So, you may be asking yourself, what makes roller derby so special to inspire such dedication from the women involved? It might be easier to walk away if they didn’t love and care about not only each other, but the sport itself. Roller derby is so important to the women who are involved and has become a resource to the surrounding community.

As Pohl put it, “It’s about trying something that gives someone a home. Roller derby gave me something that I never thought I could do and a group to support me through life’s struggles.”

BCB is actively committed to making the Boulder County community more vibrant, welcoming, inclusive, healthy, and athletic. Many BCB skaters volunteer in their free time including in county and city-sponsored programs and at community events. For the past few years, they have been involved in and had a booth at their local Pride events in Boulder and Longmont. This past year, members of BCB even skated in the Denver Pride Parade. Pohl clarified the importance of having a presence at pride focused events so that folks know that BCB (and roller derby) are welcoming and inclusive organizations.

Skaters on BCB’s league such as Taylor Carranza are proud to be part of a community that is so welcoming towards LGBTQ skaters through both policy and cultural inclusion. BCB is a part of the Women’s Flat Track Derby Association, which is the largest international organization for roller derby. The WFTDA upholds a gender inclusion policy for anyone who identifies as a woman or gender expansive, making sure that women’s roller derby is an environment where everyone fits in and feels accepted. Carranza explained that while there is still plenty of room for growth, both BCB and WFTDA have been working hard to be active in inclusion and equity of LGBTQ members.

Carranza, known in the league as Slayer, has been in the BCB league for five years now and in that time has built a strong community and family.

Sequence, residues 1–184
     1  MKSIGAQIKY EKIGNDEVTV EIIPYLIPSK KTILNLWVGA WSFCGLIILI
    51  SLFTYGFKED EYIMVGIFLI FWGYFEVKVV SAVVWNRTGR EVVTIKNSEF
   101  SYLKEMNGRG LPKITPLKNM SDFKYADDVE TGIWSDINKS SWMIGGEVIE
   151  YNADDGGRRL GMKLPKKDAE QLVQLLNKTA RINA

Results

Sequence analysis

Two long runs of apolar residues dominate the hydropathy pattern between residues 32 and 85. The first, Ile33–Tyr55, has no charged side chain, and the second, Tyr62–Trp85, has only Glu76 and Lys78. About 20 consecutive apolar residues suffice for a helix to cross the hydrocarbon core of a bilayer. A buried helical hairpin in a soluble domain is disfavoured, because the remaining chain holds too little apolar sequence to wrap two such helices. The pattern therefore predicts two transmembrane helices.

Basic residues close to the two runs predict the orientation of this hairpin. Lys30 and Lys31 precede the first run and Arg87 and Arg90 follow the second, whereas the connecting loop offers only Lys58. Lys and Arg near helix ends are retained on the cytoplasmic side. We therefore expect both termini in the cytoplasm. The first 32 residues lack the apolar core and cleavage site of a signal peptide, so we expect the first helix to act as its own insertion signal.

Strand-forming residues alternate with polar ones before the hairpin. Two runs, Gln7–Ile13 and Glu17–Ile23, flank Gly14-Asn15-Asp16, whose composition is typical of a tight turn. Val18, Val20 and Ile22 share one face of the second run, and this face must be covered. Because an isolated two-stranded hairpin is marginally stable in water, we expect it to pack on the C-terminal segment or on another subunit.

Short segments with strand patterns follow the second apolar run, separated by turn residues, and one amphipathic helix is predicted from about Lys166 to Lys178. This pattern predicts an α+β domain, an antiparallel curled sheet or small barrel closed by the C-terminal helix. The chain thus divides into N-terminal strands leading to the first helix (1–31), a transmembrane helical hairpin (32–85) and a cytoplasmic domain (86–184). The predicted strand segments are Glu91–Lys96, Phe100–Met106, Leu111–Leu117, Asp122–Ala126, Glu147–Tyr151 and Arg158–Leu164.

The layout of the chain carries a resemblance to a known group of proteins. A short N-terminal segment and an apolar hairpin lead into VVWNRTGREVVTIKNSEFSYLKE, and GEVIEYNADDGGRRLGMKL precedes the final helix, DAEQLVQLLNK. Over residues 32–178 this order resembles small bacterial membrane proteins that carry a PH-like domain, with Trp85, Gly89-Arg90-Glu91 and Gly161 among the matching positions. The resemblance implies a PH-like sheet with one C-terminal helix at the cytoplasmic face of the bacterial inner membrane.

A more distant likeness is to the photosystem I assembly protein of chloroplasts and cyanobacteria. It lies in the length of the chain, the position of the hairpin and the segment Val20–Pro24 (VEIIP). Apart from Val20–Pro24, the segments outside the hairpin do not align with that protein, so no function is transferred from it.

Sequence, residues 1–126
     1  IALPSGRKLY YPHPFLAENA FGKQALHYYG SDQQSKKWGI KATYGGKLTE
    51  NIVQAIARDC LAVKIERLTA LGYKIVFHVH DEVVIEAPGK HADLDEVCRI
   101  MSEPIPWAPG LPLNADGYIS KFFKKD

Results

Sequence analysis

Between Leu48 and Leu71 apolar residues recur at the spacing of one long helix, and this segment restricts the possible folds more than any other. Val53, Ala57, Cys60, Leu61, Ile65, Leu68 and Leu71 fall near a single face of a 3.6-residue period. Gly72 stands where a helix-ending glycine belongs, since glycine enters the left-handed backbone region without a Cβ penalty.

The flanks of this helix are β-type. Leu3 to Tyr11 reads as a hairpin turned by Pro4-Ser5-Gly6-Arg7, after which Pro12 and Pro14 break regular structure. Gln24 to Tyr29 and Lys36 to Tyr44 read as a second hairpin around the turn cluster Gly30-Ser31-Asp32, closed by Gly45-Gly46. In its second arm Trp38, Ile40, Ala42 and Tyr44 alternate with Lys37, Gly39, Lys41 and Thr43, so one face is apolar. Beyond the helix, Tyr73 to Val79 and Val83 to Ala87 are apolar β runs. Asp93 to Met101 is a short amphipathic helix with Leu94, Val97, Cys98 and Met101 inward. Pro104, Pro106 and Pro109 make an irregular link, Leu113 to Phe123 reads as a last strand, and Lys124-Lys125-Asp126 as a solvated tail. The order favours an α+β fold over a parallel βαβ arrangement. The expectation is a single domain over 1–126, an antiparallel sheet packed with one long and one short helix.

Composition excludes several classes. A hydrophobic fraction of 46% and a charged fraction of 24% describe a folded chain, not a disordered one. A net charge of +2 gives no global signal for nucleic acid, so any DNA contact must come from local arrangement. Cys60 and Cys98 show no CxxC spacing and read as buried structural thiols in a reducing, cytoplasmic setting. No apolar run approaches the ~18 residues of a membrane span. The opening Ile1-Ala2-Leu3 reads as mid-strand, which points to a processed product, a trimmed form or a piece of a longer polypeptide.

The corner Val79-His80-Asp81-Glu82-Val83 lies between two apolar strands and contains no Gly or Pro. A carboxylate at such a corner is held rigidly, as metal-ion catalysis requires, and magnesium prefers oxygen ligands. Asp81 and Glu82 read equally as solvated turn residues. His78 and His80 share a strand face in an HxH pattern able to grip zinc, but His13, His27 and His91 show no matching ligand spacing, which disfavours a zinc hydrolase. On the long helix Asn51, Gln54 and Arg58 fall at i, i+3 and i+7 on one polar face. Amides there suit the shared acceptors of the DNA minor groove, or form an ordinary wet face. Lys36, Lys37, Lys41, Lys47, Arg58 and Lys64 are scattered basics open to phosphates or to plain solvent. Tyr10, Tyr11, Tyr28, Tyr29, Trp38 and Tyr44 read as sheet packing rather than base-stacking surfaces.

“I did not realize at the time just how much roller derby would grow to be more than a sport to me. It has empowered me by helping me grow further in my queer and nonbinary identities and through building meaningful adult friendships. In a world where it is really hard to make adult friends, especially LGBTQ-supportive-and-identified friends, roller derby has really given me community. I have never been in a non-LGBTQ-specific community that so openly welcomes me, especially a sport. When my wife (who skates with BCB too) and I got married, almost half of the people at our wedding were from roller derby,” she said.

The Boulder County Bombers have games consistently in Boulder, Denver, and cities across the country. In fact, September 20 through 22 marked the second-annual Thin Air Throwdown hosted by BCB and the Denver Roller Derby. The Throwdown is a derby event that hosts the best skaters from around the world who all come together for an amazing, three-day weekend.

The league depends on the support and funding they get from their surrounding communities which is how they are able to put on events such as the Throwdown. Despite all their struggles and roadblocks, the women involved with BCB continue to shine with resilience, and their family on wheels always has room to grow.

Photos by Sophia Gabrielson